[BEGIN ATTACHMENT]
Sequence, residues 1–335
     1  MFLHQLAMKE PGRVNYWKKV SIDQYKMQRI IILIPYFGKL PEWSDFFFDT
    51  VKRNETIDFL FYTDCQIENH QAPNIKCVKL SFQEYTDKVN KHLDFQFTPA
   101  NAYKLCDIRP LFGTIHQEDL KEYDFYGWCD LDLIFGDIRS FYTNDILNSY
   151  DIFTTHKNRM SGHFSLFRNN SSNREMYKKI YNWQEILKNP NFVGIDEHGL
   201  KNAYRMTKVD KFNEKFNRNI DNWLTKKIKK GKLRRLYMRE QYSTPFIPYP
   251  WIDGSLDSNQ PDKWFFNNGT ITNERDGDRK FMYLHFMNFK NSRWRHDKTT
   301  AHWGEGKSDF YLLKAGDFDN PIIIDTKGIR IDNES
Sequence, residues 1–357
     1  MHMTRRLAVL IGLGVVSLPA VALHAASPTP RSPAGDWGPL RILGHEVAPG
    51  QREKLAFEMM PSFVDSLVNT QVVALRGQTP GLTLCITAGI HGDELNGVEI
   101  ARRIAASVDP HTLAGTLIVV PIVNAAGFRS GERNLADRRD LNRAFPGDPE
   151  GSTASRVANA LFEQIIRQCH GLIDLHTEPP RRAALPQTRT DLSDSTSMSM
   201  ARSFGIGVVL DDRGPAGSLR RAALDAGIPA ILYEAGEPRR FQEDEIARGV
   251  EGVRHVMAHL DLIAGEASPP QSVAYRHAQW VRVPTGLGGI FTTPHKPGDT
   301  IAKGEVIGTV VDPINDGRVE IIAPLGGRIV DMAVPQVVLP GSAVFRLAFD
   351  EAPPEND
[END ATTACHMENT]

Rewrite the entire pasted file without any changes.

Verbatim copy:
Sequence, residues 1–335
     1  MFLHQLAMKE PGRVNYWKKV SIDQYKMQRI IILIPYFGKL PEWSDFFFDT
    51  VKRNETIDFL FYTDCQIENH QAPNIKCVKL SFQEYTDKVN KHLDFQFTPA
   101  NAYKLCDIRP LFGTIHQEDL KEYDFYGWCD LDLIFGDIRS FYTNDILNSY
   151  DIFTTHKNRM SGHFSLFRNN SSNREMYKKI YNWQEILKNP NFVGIDEHGL
   201  KNAYRMTKVD KFNEKFNRNI DNWLTKKIKK GKLRRLYMRE QYSTPFIPYP
   251  WIDGSLDSNQ PDKWFFNNGT ITNERDGDRK FMYLHFMNFK NSRWRHDKTT
   301  AHWGEGKSDF YLLKAGDFDN PIIIDTKGIR IDNES
Sequence, residues 1–357
     1  MHMTRRLAVL IGLGVVSLPA VALHAASPTP RSPAGDWGPL RILGHEVAPG
    51  QREKLAFEMM PSFVDSLVNT QVVALRGQTP GLTLCITAGI HGDELNGVEI
   101  ARRIAASVDP HTLAGTLIVV PIVNAAGFRS GERNLADRRD LNRAFPGDPE
   151  GSTASRVANA LFEQIIRQCH GLIDLHTEPP RRAALPQTRT DLSDSTSMSM
   201  ARSFGIGVVL DDRGPAGSLR RAALDAGIPA ILYEAGEPRR FQEDEIARGV
   251  EGVRHVMAHL DLIAGEASPP QSVAYRHAQW VRVPTGLGGI FTTPHKPGDT
   301  IAKGEVIGTV VDPINDGRVE IIAPLGGRIV DMAVPQVVLP GSAVFRLAFD
   351  EAPPEND